Stacking builds detail while taking away noise.  The more images you stack, the deeper, clearer and more detailed a deep sky image gets.

For example, this is a single 300 second frame from the Andromeda image above.  As you can see, there isn't a whole lot there.  BUT, take 30-40 of these images, run them through the stacking program, and like magic, you get a very usable image.

Andromeda single 300 sec frame by Andrew Marjama, on Flickr

And here is the image you get after stacking.  This is before post processing the image in Photoshop

Andromeda_1-1-19_190_min stacked by Andrew Marjama, on Flickr


So far this astrophotography has really been addicting!  Seeing these images start to pop up on the screen, running them through the stacking program and processing them is a huge amount of fun.  I am blown away that I am able to capture what I am capturing.  I really didn't think it would be as easy as it is, and as fun.

Cloudy nights are now my nemesis  ;D
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Peter McLennan

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Re: A New Year's Andromeda
« Reply #7 on: January 07, 2019, 11:18:14 PM »

Astonishing.  Computational Photography, servomechanisms, dedication and lots of hard work.  Absolutely beautiful results. 
Congratulations. And thanks for the detailed "behind the scenes" info and pix. I'm sure we all look forward to more from you.
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Eric Myrvaagnes

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Re: A New Year's Andromeda
« Reply #8 on: January 08, 2019, 12:16:24 AM »

Thanks for the descriptions. The result is stunning, and I look forward to many more images from this setup.
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-Eric Myrvaagnes (visit my website: http://myrvaagnes.com)

Kevin Gallagher

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Re: A New Year's Andromeda
« Reply #9 on: January 08, 2019, 07:26:24 AM »

 Wow!! Stunning is indeed the word! Great writeup on the gear and your technique as well!!
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Kevin In CT
All Animals Are Equal But Some Are More Equal
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BradSmith

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Re: A New Year's Andromeda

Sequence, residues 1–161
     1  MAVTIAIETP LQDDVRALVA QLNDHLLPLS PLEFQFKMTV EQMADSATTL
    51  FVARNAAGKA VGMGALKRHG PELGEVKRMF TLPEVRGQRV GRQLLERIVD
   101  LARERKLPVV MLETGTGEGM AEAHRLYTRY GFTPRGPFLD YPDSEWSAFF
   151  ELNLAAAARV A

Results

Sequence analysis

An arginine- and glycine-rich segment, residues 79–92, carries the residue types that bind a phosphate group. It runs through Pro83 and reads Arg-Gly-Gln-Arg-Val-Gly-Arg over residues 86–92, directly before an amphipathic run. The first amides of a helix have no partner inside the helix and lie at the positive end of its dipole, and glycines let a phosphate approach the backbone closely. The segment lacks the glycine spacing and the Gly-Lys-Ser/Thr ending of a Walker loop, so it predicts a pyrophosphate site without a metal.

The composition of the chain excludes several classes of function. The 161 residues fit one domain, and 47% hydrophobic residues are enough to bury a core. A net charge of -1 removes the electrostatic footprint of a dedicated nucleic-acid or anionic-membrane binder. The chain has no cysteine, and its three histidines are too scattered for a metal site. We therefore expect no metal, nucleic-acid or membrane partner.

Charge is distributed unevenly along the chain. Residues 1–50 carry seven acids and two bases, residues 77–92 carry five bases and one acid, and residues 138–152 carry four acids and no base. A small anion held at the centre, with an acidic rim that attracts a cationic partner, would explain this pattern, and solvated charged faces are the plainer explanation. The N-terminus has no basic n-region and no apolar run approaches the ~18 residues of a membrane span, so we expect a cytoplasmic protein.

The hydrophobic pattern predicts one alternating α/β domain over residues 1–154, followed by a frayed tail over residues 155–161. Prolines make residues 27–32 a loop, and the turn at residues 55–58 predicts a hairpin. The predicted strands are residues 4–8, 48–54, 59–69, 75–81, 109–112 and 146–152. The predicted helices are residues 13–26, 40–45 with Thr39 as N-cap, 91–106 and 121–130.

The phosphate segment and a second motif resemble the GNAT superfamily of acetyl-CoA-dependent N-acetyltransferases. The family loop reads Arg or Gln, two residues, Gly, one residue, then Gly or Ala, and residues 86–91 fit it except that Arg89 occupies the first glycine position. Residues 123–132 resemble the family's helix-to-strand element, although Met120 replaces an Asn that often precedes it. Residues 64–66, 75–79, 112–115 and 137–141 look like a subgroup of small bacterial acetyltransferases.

« Reply #10 on: January 09, 2019, 03:26:37 PM »

I'm amazed that this image could be produced with equipment that costs this little.  I would have thought that it might take 10's of thousands of dollars to get this quality.  Really impressive.
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dehnhaide

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Re: A New Year's Andromeda
« Reply #11 on: January 11, 2019, 04:58:01 PM »

Blown away it would be an understatement. And the details you're providing with such generosity make my hands itchy... :)
Congratulations!!!


Sent from my iPhone using Tapatalk
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John Hollenberg

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Re: A New Year's Andromeda
« Reply #12 on: January 15, 2019, 01:35:53 PM »

Very interesting and informative post.  It stirred up my interest in deep sky astrophotography, but more likely of the armchair kind.  It is possible to do remote astrophotography with excellent sky conditions (little light pollution) using an expensive telescope and not having to stay up at night or face cold temperatures.  Just my kind of astrophotography.  There are several sites that allow you to rent time on a telescope, reserve time, submit a plan of what you want to photograph, have the plan executed automatically and then download the data and process it yourself.  For example:

https://www.itelescope.net/

Has anyone ever used one of these remote astrophotography services?  I am thinking about trying it myself for fun.